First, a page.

The Kenyan Red Cross said at least seven people were killed and 29 injured in an explosion on a minibus in Nairobi. The blast followed several grenade attacks across Kenya blamed on Somali militants and their sympathizers.
Residents prepare to carry the slain body of a woman killed during an explosion in a passenger mini-bus (matatu) in the Eastleigh neighbourhood of Kenya's capital Nairobi, November 18, 2012.
It is not yet known what caused the blast that tore through a 25-seat bus in the Eastleigh neighborhood of Nairobi.
Some witnesses and police said they saw an unidentified assailant throw a grenade. A VOA reporter at the scene said it was more likely a homemade bomb.
Whatever it was, the blast was powerful enough to reduce the bus to a blackened, burned out shell.
One witness, Mohammed Qadar Gudle said he felt the blast from 500 meters away. “I saw it, even the land was shaking," he said. "I thought it was an earthquake. So once I saw the car burning out, I ran to the near of it, and I saw almost seven people died and at least 25 injured, badly injured.”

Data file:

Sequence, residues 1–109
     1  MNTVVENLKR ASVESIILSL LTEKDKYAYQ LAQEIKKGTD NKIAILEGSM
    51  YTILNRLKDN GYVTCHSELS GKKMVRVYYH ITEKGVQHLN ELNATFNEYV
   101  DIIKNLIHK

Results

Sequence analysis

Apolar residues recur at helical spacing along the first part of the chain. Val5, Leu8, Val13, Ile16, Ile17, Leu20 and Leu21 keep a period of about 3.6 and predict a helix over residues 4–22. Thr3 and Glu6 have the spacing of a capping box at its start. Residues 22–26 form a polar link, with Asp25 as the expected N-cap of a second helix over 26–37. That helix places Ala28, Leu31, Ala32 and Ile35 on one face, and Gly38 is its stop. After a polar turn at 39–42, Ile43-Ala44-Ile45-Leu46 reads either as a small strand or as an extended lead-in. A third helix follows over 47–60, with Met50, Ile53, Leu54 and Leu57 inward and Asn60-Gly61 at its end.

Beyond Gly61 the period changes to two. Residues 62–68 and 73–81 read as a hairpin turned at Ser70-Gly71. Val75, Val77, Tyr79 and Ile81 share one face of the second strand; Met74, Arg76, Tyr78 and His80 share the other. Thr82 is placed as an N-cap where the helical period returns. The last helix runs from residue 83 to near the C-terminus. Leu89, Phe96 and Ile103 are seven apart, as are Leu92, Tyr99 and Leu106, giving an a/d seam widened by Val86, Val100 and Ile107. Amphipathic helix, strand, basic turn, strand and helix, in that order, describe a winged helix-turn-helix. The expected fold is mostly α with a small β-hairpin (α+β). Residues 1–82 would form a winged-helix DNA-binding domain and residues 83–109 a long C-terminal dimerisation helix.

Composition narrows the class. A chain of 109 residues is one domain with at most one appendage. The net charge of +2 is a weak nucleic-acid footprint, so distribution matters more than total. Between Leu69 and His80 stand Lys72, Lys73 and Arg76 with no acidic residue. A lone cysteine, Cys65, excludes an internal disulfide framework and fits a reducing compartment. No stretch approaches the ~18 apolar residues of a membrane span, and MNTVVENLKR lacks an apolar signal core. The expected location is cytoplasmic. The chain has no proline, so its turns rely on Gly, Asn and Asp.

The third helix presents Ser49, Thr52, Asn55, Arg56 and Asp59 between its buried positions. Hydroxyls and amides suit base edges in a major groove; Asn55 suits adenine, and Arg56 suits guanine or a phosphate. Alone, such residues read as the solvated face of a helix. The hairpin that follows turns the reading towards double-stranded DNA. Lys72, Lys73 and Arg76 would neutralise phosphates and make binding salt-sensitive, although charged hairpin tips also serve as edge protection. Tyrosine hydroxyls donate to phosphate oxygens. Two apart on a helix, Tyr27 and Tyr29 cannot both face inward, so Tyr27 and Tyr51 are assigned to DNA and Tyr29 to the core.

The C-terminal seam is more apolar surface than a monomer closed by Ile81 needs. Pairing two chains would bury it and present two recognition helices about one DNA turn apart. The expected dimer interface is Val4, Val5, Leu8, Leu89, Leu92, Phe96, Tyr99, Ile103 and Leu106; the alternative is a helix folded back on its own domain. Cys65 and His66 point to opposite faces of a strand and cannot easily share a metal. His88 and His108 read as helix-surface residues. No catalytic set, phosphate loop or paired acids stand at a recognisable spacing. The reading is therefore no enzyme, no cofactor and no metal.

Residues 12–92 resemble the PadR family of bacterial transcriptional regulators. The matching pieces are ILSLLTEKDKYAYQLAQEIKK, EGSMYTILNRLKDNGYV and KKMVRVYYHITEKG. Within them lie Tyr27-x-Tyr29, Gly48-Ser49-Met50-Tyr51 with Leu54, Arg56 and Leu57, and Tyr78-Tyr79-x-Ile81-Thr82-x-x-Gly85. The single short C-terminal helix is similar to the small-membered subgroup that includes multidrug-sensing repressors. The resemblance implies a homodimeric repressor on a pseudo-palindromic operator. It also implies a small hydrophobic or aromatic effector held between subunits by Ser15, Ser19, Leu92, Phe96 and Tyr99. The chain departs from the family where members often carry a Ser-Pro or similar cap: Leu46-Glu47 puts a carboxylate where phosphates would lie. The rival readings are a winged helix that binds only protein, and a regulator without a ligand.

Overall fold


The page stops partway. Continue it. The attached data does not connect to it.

Gudle said fighting broke out on the street following the explosion, as angry mobs turned on the Somali residents of Eastleigh. “So the Kenyan people they started fighting with the Somali members of the community and they started chasing away each other, throwing stones,” he added.
He said the fighting stopped as the police arrived on the scene, but tension remains high. A VOA reporter said neighborhood shops had closed, and residents were staying off the streets.
Kenya has experienced attacks on churches and public places across the country during the past year, including previous grenade attacks in Eastleigh. Police have blamed assailants linked to the Somali militant group al-Shabab, which has vowed to attack Kenya because Kenyan military forces entered Somalia last year to fight against the group.